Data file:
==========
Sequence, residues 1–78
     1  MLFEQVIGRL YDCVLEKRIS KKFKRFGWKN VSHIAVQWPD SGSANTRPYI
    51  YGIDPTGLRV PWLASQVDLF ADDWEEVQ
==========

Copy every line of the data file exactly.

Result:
Sequence, residues 1–78
     1  MLFEQVIGRL YDCVLEKRIS KKFKRFGWKN VSHIAVQWPD SGSANTRPYI
    51  YGIDPTGLRV PWLASQVDLF ADDWEEVQ